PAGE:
We choose the moon

Today marks the 40th anniversary of the launch of Apollo 11, mankind’s first trip to the moon.

At, you can follow a virtual recreation of the entire mission, beginning at approximately 6 a.m. Eastern, 16 July.

Also, check NASA’s web page dedicated to the anniversary.

Religion and Science: A historical review

This is the version of an article for our parish newsletter on faith and science. The longer version is posted here.  It is my hope that this version is accessible to a general audience (the longer version I’ve been told is not so easy to read, but I still think with some effort can be read by any interested reader).

Science and religion

Because the terms science and religion are enormously broad topics they need to be restricted. Science will refer to physics. Religion will mean Christian interaction with that science.

Natural science (physics) has gone through three major stages. These stages will be discussed in turn and the relationship with religion examined below.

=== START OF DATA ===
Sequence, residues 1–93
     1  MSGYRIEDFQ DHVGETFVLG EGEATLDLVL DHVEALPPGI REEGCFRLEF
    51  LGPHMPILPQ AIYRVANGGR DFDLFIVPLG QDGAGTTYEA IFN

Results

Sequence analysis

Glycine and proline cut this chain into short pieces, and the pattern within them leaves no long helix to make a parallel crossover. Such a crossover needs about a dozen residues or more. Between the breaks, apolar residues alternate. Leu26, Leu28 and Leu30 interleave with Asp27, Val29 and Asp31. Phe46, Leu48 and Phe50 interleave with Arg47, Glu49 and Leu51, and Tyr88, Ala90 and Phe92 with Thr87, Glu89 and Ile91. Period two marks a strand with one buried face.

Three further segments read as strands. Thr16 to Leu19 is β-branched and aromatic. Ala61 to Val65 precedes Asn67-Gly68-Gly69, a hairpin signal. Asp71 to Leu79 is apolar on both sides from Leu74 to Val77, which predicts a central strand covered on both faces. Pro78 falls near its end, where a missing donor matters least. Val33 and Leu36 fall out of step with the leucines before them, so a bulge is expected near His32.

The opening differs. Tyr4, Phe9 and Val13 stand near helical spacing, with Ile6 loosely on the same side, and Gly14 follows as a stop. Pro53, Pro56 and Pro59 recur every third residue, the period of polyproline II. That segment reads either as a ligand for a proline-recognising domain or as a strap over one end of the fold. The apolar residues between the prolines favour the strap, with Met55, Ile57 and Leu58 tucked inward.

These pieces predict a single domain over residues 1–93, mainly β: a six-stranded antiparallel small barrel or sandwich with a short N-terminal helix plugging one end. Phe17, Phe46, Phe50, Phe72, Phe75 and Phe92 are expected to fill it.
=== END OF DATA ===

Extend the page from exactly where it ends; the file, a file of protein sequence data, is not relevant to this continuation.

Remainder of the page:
Stage 1: Geometry

From the time of the Greek golden age through the 16th century the understanding of nature was based on pure geometry. Study of Euclid was crucial because geometry was seen as the key principle for understanding nature. Aristotelian cosmology and the Pythagorean movement are examples of this view of nature.

In the second through fifth centuries orthodox Christian theology arrived at a basic understanding of the relationships between God, man, and the world which remain dominant with minor variations to this day. Origen and St. Gregory of Nyssa both often explicitly tied theology with philosophy (and natural philosophy or physics). One important 2nd century philosopher and contemporary of Origen was Plotinus. That Origen and Plotinus each attended the others talks and interacted frequently is exemplary of the relationship between science and religion at that time.

Stage 2: An Analytic View